What to do before your phone is stolen
Having your phone stolen doesn’t just mean you’re out the cost of a phone, it means your contacts, calendars, email, Web history, social networking information, and even mobile payment capabilities are in danger. You aren’t just trying to protect your phone: you’re trying to protect your digital life.
Here are some things you can do to protect yourself in case your phone is stolen:
- Record your ESN/MEID and/or IMEI number in a safe place. Most smartphones can display their identifiers in their settings or about screens. Most devices with IMEI numbers have them printed on their packaging and inside their battery compartments. Having these number available will help you quickly deactivate the phone if it’s stolen.
- Though not foolproof, set a PIN or security lock for your phone so it can’t be accessed without entering a combination. Don’t set it to something easy like your birthday or “1234.”
- Back up your phone’s data, whether to a cloud-based service (like Apple’s iCloud) or to a personal computer. If your device is stolen, you can easily restore the most recent data to a new device.
- Consider a tracker or security service for your mobile phone, such as Apple’s Find My iPhone, services from mobile carriers or security software developers. These can help trace your device, if stolen, but by no means guarantee you’ll get it back.
- Consider a remote wipe service for your device. In the event your phone is stolen, you can remotely delete all apps, media, and data from it to prevent misuse or identity theft. On Android, this means using a third-party app (usually, anyway). Apple’s iCloud service also offers remote wipe capabilities.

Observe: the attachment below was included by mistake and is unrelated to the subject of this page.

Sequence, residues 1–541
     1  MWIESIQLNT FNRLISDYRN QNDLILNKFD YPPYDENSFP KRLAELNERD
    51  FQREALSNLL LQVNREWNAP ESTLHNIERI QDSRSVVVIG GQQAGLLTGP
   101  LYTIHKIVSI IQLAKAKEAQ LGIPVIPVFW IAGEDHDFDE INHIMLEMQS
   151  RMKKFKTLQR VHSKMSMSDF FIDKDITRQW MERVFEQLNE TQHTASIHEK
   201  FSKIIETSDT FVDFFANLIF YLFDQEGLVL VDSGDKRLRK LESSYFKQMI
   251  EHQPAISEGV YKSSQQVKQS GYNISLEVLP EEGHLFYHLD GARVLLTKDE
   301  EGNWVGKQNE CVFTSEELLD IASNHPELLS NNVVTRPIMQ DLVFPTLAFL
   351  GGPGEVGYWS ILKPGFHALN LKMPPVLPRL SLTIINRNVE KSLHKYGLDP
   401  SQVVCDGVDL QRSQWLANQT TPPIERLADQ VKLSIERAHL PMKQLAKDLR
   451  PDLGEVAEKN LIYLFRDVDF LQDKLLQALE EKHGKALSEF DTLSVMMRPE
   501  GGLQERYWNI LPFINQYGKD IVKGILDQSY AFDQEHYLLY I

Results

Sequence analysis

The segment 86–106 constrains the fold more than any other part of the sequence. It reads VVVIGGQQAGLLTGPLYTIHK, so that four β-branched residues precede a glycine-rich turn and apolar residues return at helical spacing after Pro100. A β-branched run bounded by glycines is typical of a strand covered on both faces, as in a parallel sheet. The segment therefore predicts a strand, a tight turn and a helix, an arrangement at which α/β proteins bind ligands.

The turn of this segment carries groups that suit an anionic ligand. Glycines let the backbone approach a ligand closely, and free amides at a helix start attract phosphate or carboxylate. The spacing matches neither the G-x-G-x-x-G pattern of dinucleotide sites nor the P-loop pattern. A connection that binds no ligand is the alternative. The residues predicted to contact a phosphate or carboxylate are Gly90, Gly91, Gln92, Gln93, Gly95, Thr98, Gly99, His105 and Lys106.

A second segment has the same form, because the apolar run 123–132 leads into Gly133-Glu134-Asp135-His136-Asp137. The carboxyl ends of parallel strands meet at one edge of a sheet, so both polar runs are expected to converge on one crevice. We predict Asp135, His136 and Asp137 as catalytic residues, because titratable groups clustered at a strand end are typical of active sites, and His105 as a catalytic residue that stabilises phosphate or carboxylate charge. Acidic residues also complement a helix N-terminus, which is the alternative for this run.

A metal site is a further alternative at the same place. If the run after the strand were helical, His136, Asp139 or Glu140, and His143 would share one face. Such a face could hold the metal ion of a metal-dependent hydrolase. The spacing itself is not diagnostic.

- Above all, be careful how you use and store your phone: Stay aware of your surroundings while texting or using the device, never leave your phone unattended in a vehicle or public place, and even be careful displaying headsets and earbuds in public. Nothing says “possible iPhone here” like white earbuds.
What to do if your phone is stolen
If your phone is stolen, here’s what to do:
Contact security or authorities
If you’re at an event or venue, contact any on-site security immediately; they may be able to help, or it’s possible the phone has been turned in to lost and found. Otherwise, contact local law enforcement as soon as possible to report the phone as stolen.
Contact your carrier
Contact your carrier as quickly as possible to report the phone lost or stolen: this may help you from being liable for fraudulent voice and data charges. (It’s not uncommon for phones to be stolen and quickly used to make international calls.) If you have the phone’s ESN/MEID or IMEI, that will help carriers shut down the phone quickly.
Try remote location
If you’ve installed remote tracking software, you can try using it to see if your phone can be found using GPS and location services. Sometimes phones really are picked up by venue security, good Samaritans, and folks with no ill intentions who will happily return phones to their owners. (Apple’s Find my iPhone feature can even let phone finders call the owner.)
If you’re pretty sure your phone is gone, triggering a remote wipe can be the only way to protect your data. Many thieves don’t care about your data anyway – they just want the device – but many will be happy to look for addresses, birthdays, credit card numbers, banking information, and anything else that can be used to commit identity theft. Remote wiping won’t get your your phone back, but can help keep your private information secure. And you can restore your data to a new device because you’ve been saving it regularly using a syncing service or backup utility. Right?